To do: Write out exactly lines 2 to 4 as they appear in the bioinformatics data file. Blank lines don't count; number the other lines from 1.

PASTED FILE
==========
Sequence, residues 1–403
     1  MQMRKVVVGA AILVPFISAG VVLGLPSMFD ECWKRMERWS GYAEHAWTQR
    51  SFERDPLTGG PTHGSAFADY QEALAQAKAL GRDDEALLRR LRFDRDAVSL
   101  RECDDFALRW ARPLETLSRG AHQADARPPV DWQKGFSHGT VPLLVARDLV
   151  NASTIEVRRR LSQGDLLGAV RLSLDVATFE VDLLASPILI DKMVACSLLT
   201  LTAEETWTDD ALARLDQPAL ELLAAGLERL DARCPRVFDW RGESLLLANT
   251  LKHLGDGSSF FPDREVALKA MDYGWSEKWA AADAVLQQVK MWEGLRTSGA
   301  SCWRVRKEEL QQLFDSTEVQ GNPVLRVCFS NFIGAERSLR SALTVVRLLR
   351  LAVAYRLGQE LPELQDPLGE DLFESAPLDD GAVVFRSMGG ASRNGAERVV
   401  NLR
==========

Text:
     1  MQMRKVVVGA AILVPFISAG VVLGLPSMFD ECWKRMERWS GYAEHAWTQR
    51  SFERDPLTGG PTHGSAFADY QEALAQAKAL GRDDEALLRR LRFDRDAVSL
   101  RECDDFALRW ARPLETLSRG AHQADARPPV DWQKGFSHGT VPLLVARDLV